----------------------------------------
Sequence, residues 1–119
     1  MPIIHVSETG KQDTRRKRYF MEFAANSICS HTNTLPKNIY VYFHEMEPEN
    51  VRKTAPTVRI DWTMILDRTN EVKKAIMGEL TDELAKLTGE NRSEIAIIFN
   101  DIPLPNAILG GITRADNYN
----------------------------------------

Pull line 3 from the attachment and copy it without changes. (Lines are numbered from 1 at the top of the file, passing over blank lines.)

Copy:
    51  VRKTAPTVRI DWTMILDRTN EVKKAIMGEL TDELAKLTGE NRSEIAIIFN